Asked and Answered: No!

Comments (4)

  Without comment, the State Supreme Court is rejecting a request by attorneys fighting Prop. 8 to speed up its timeline for deciding a key legal question. When the Supreme Court agreed last month to answer the 9th Circuit Court of Appeals question of whether state law gives sponsors of ballot measures the legal authority to defend an initiative when no one else will, it was clear the legal fate of Prop. 8 would be delayed by 10 months or more. So, attorneys representing the two same sex couples fighting Prop. 8 asked the Supreme Court to move up its schedule for briefing and oral arguments, which will not be held before September.

    Tuesday the Supreme Court denied that request.  Combined with yesterday's suggestion by A.G. Kamala Harris that the 9th Circuit lift its stay on Judge Walker's ruling, (a completely different issue), the efforts represent a push by supporters of same sex marriage to open the door to marriage more quickly. It seems unlikely any of these efforts will be successful, since few if any of the judges involved want this case expedited.

   Indeed, it's not inconceivable that Prop. 8 will be reversed by California voters before it ever reaches the U.S. Supreme Court -- an outcome that would no doubt disappoint attorneys David Boies and Ted Olson but avoid a possible loss at the Supreme Court level.

   That said, it might be hard to raise funds for a new ballot measure while the case is still pending. In other words, relax -- it's going to be a while before this thing is settled.

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  • Julie Cason

    “In other words, relax — it’s going to be a while before this thing is settled.”

    Relax? Um, really? I would venture to guess that it’s not your civil rights at stake….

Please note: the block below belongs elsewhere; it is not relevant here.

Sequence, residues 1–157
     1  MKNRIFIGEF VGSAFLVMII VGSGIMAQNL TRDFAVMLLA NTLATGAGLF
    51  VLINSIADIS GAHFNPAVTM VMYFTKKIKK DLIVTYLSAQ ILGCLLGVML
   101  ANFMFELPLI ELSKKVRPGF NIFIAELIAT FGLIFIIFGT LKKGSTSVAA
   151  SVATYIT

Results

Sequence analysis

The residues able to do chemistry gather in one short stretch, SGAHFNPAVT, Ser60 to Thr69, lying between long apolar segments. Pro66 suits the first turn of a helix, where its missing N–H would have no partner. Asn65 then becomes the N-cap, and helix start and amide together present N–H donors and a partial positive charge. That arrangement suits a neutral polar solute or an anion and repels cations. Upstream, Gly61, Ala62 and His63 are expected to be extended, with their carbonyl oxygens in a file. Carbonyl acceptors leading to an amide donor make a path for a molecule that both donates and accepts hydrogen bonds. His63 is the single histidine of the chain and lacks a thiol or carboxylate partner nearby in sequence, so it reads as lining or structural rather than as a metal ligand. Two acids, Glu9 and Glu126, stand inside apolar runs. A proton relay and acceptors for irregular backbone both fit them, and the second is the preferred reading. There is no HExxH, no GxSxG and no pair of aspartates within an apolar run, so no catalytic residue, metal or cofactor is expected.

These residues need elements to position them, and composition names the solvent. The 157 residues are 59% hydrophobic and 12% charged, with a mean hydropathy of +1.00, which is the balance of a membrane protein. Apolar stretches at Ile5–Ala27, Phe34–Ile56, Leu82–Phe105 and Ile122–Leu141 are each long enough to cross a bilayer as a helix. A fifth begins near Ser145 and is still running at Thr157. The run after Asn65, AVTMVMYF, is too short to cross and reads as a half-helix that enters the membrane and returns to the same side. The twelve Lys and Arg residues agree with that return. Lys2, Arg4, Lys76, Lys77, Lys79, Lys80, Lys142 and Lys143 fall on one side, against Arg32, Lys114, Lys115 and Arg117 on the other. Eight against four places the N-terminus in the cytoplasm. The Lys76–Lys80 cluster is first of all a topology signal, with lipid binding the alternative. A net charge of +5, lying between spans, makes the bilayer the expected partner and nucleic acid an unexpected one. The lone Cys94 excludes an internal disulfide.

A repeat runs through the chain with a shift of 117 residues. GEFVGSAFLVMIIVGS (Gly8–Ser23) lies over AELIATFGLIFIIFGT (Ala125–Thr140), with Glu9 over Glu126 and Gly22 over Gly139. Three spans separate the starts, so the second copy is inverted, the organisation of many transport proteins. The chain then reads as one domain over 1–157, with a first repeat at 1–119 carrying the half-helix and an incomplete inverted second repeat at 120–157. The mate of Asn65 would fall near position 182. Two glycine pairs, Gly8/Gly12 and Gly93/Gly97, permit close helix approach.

• Scott Shafer

    Julie — thank you for your comment. I did not mean to diminish the importance of anyone’s civil rights and I apologize if it seemed that way. I was merely trying to say that despite efforts to expedite this issue through the legal system, it seems likely to be on a slow track.

  • Fernando Orlandi

    If I understand correctly, a stay on a ruling is warranted when 1) The opposing party is being irreparably harmed and 2) the appeal is likely to succeed.
    If same-sex marriages resume, no harm is being suffered by the proponents of Proposition 8; on the contrary, if same-sex marriages do not resume, same-sex couples continue to be harmed as they are being denied what every opposite-sex couple take for granted: the right to marry who they love.
    As for the likelihood that the proponents of same-sex marriage will succeed in their appeal, they will not. Either it will be found that the they do not have standing to appeal, or, if they do, the US 9th Circuit Court has already heard the case, and it seemed clear from the hearing that Proposition 8 was going to be tossed out; what wasn’t clear was how far the ruling would go, weather or not it would apply only to California’s Proposition 8, or more broadly. So, if, if fact, Proposition 8 will be struck down one way or another, the Judges of the 9th Circuit Appeal Court should lift the stay and let the marriage resume. I hope they will have the courage to do so, even if their decision may be reversed by the US Supreme Court.

  • David

    Relax? I agree with Julie. I think this means heightened anger and frustration. Justice delayed is justice denied. I hoped Scott Shafer knew of the direct impact this decision has on real people’s lives and happiness.